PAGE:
A review of “A Forgotten Man” – an intriguing portrayal of a key figure in Switzerland’s guilt during wartime.


Switzerland carries the unusual weight of guilt for their quasi-collaboration after World War II, demonstrated through their avoidance and refusal to acknowledge their actions. This is the central focus of Laurent Nègre’s black-and-white film, which he both wrote and directed. The story takes inspiration from the true story of Hans Frölicher, who served as the Swiss ambassador to Nazi Germany from 1938 until the end of the war. Frölicher was highly regarded by the Nazi elite for his unwavering loyalty to Germany. The film is also loosely based on Thomas Hürlimann’s play, The Envoy, which explores the same topic.

Michael Neuenschwander portrays the role of Ambassador Heinrich Zwygart, who is fictionalized in this scenario. In 1945, he comes back to his luxurious family estate in Switzerland, appearing worn out and troubled with alcoholism. Despite this, he maintains a proper and dutiful demeanor as expected of a Swiss public figure and government employee. Fearing that he may take the blame for Switzerland’s disgrace, he devises a new strategy to demonstrate his unwavering loyalty by showing excessive flattery towards the Americans, just as he did towards the Germans.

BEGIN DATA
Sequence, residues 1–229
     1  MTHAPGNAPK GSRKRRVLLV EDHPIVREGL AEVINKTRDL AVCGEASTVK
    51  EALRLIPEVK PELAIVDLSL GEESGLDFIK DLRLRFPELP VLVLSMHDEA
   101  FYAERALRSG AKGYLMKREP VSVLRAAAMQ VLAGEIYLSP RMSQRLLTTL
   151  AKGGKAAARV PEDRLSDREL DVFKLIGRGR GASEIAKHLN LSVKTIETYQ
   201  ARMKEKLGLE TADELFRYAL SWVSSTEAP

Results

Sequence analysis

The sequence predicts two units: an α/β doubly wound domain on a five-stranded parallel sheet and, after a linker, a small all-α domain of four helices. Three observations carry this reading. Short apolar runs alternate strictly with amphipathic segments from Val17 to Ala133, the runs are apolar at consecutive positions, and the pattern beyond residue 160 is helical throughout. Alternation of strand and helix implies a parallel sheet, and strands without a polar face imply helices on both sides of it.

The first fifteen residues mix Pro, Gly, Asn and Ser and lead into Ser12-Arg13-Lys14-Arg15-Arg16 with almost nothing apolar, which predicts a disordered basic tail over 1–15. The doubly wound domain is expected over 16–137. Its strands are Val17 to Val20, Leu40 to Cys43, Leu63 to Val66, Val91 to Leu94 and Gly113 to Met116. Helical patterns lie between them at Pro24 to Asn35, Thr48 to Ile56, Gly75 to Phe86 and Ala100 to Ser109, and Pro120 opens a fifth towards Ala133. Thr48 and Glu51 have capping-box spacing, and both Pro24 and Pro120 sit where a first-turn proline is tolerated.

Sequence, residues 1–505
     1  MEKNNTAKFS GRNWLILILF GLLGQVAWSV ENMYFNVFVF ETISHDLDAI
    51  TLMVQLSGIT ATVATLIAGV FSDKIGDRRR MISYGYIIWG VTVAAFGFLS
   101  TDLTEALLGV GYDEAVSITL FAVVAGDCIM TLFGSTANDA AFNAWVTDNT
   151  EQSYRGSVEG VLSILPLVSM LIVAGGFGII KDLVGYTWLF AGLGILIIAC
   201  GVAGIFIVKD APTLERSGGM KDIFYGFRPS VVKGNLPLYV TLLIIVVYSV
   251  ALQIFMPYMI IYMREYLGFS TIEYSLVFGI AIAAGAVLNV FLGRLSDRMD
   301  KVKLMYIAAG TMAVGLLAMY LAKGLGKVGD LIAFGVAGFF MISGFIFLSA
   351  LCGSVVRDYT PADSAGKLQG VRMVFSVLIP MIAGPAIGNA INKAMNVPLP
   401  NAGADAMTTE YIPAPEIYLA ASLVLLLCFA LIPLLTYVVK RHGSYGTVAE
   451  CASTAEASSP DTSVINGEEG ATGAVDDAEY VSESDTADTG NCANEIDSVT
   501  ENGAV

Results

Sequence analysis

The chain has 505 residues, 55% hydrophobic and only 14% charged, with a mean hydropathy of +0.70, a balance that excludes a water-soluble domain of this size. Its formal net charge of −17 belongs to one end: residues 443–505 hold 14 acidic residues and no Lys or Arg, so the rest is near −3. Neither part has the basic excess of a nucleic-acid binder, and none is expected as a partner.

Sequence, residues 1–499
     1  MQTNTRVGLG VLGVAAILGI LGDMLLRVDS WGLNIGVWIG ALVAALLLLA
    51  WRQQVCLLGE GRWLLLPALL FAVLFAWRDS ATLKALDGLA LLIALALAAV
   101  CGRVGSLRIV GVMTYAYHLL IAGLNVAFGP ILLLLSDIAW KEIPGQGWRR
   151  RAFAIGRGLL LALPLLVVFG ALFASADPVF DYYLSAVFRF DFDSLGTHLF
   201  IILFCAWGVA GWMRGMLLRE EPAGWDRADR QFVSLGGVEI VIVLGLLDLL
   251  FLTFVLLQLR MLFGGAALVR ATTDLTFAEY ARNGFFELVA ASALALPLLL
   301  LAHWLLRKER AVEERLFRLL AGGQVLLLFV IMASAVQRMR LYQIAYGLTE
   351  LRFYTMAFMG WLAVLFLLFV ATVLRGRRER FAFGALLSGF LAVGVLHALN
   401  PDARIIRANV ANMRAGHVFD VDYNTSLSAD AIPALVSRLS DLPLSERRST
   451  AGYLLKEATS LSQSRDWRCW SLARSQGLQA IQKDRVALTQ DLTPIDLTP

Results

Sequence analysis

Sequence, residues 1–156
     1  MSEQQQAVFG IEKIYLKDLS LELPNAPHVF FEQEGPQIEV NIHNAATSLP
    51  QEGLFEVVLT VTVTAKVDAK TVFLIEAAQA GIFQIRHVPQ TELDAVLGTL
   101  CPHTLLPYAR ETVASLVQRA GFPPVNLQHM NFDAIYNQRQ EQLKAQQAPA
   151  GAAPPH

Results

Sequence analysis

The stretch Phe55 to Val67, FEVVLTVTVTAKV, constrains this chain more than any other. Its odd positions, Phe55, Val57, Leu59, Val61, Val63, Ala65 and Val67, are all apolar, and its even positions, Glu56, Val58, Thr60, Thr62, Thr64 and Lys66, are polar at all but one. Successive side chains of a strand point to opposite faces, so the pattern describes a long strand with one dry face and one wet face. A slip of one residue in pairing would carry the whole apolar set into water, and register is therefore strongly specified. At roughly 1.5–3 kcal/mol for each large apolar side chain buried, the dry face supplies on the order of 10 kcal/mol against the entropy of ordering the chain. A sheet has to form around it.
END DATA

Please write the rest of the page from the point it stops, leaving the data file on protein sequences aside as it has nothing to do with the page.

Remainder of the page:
According to Zwygart, his fellow Swiss citizens are simply relieved that their neutral country, known for its picturesque cuckoo clocks, was not affected by the war. Zwygart’s stubborn father, a former soldier named Peter Wyssbrod, still believes that Hitler refrained from invading Switzerland due to their quick mobilization and readiness for battle. However, Zwygart disagrees and holds the belief that Switzerland was spared because it served as a discreet banker for the Germans, providing loans to aid their war efforts and maintaining a financial relationship with the Nazi party even before the war.

Zwygart played a central role in this situation and notably chose not to ask for forgiveness for Maurice Bavaud, a Swiss student who tried to kill Hitler in 1938 and was put to death. This is based on a true story. However, Zwygart now has hallucinations of this aspiring assassin, the only Swiss person who was truly on the correct side of history. The movie is decent to watch, although it does feel a bit staged, and the sudden appearances of these frightening visions from the ambassador’s troubled mind may have been more effective in a live theater setting.

Source: theguardian.com